What is Kubernetes: A Getting Started Guide

Written by Technology Writer

August 25, 2023
What is Kubernetes: A Getting Started Guide

Welcome to our in-depth guide on understanding Kubernetes. Whether you're a seasoned developer, an IT professional, or a beginner stepping into the world of container orchestration, this guide is designed to provide a clear, comprehensive, and engaging understanding of Kubernetes and how it can serve you in your projects.

So let's get started right away with some definitions.

What is Kubernetes?

What is Kubernetes

Kubernetes, also known as K8s, is an open-source system that simplifies the process of deploying, scaling, and managing applications housed in containers. It organizes containers into logical groupings, making their management and discovery more straightforward.

Initially developed by Google, Kubernetes is now managed by the Cloud Native Computing Foundation (CNCF). It leverages Google's extensive experience – over 15 years – in running large-scale workloads, along with the best practices and innovative ideas from the broader community.


Kubernetes is a powerful tool for managing distributed systems with resilience. It can handle scaling and failover of your applications, offer different deployment strategies and manage canary deployment for your system.

Why Use Kubernetes?

Kubernetes addresses numerous prevalent challenges associated with distributed systems, including service discovery, scaling, load balancing, and executing rolling updates. It empowers developers by providing the flexibility to utilize on-premise, hybrid, or public cloud infrastructure, enabling them to seamlessly shift workloads as per their requirements.

Kubernetes is not a conventional, all-encompassing Platform-as-a-Service (PaaS) system. It maintains user autonomy and adaptability in crucial areas while introducing potent features for service deployment and scaling.

Prominent companies such as Spotify, Pinterest, and Box have transitioned to Kubernetes, gaining advantages such as enhanced developer productivity, increased operational efficiency, and a sturdier infrastructure. These organizations have experienced notable reductions in resource expenses due to the optimized hardware resource utilization facilitated by Kubernetes.

Core Concepts of Kubernetes

Kubernetes utilizes a number of fundamental principles to aid in the control and orchestration of containers:

  • Pods: A Pod is the most basic and elementary unit in the Kubernetes object model that you have the ability to create or deploy. It signifies an active process within your cluster and has the capacity to host one or more containers.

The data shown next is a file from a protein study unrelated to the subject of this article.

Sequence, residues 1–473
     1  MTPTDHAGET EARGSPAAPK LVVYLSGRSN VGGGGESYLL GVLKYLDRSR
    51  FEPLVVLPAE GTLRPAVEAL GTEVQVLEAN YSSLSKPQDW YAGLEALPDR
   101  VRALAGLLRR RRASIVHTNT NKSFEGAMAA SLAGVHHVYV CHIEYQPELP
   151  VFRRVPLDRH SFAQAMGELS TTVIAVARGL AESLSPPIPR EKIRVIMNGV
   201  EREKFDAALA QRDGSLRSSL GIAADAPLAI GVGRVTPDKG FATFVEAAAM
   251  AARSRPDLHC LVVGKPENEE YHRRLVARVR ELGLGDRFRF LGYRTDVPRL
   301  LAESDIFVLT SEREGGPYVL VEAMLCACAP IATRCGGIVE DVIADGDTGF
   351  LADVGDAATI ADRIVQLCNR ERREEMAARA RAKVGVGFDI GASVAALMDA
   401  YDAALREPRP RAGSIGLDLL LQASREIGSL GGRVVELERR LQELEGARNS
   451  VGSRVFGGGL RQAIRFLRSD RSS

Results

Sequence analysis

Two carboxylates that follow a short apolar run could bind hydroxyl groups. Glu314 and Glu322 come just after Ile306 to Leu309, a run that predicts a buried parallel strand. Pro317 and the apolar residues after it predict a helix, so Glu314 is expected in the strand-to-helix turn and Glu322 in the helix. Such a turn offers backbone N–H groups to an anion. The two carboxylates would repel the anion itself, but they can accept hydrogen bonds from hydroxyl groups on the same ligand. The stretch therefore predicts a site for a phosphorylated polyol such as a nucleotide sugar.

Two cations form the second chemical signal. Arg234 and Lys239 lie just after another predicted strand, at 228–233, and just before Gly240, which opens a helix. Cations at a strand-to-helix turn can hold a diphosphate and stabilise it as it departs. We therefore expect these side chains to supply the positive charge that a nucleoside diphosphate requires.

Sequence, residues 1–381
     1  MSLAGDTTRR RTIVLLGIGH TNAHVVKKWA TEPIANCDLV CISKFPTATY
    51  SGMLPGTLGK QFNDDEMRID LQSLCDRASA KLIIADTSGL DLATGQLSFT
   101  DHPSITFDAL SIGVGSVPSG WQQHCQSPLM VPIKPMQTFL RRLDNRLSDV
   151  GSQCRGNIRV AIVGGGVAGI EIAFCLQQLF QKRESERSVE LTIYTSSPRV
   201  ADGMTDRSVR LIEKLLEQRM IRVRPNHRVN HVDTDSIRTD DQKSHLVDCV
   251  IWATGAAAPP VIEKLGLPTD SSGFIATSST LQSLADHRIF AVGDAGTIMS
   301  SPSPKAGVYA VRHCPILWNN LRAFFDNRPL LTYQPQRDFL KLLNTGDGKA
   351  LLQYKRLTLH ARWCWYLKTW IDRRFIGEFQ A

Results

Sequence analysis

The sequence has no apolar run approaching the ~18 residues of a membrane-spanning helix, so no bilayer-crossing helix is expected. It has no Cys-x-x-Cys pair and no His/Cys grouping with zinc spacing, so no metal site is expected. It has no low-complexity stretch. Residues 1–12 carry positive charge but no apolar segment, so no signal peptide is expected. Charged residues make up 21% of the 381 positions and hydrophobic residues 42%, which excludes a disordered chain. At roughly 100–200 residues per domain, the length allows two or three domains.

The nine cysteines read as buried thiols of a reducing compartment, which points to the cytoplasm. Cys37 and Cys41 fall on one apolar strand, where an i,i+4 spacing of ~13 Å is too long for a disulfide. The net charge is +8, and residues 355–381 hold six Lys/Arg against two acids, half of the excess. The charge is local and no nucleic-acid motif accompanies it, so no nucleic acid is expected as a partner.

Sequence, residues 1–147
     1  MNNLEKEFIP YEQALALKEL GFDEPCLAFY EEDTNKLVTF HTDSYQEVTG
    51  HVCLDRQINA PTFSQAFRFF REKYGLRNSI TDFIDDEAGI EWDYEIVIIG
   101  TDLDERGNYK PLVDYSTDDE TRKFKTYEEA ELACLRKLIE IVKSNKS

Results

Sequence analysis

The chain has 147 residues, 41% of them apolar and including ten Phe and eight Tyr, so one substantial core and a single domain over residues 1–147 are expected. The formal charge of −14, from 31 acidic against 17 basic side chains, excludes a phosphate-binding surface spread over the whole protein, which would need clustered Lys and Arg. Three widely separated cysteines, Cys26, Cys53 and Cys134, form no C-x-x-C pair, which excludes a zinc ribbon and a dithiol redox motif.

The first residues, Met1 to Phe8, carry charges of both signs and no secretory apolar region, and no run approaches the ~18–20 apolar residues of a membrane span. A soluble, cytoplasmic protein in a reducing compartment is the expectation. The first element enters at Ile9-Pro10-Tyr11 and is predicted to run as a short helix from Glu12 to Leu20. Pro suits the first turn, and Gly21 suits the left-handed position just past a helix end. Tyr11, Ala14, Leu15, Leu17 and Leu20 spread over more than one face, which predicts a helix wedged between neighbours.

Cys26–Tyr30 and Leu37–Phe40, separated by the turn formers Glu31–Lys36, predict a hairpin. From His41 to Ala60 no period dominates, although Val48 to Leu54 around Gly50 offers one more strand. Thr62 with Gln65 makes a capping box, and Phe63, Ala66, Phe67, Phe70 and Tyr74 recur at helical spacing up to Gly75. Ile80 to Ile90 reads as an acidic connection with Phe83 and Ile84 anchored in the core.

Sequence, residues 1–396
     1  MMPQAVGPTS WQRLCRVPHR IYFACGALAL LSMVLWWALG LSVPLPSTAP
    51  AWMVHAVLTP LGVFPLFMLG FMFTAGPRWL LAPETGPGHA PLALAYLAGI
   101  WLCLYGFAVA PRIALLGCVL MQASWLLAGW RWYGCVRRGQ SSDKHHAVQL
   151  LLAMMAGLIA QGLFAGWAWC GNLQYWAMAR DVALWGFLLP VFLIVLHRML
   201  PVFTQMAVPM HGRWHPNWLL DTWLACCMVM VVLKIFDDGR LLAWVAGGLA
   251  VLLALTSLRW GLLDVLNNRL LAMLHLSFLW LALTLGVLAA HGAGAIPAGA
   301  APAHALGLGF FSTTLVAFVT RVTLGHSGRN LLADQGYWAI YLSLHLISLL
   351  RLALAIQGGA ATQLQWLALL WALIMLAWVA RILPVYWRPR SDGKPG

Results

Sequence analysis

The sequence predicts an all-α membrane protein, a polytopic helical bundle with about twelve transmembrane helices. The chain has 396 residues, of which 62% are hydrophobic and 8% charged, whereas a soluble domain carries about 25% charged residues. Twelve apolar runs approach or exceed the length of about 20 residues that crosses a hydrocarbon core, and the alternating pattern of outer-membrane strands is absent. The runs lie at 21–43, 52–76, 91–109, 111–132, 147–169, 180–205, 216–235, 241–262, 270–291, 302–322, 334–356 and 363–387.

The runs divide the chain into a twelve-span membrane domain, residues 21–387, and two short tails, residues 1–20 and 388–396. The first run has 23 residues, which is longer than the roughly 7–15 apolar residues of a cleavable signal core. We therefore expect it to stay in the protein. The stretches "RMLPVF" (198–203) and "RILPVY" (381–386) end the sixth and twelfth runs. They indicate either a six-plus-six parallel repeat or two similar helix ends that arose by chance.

• Services: A Service within the Kubernetes system is an abstraction that identifies a logical assembly of Pods and facilitates the exposure of external traffic, load balancing, and service discovery for these Pods.

  • Volumes: A Volume within Kubernetes is a directory that could potentially contain data, and is accessible to a Container as an element of its filesystem. Kubernetes is compatible with a wide variety of Volumes, each possessing distinct attributes.

  • Namespaces: Namespaces function as a mechanism to distribute cluster resources among multiple users. In a production environment, a cluster can be segmented into numerous namespaces.

  • Deployments: A Deployment offers a declarative method for updating Pods and ReplicaSets. You outline a desired state in a Deployment, and the Deployment Controller modifies the actual state to align with the desired state in a controlled manner.

But how does this all go together? Let’s discuss architecture next.

Kubernetes Architecture

The structure of Kubernetes is split into two primary components: the Control Plane (Master Nodes) and the Data Plane (Worker Nodes).

  • Master Nodes: The master node is tasked with preserving the intended state of the cluster, such as the running applications and the container images they utilize. The master node oversees worker nodes and pods within the cluster.

  • Worker Nodes: Worker nodes are the ones that actually execute the applications and workloads. Each worker node is a physical or virtual machine, and each machine is managed by the master node.

Got all that? Now let’s turn our attention to how to set up a Kubernetes environment using the knowledge you’ve acquired thus far.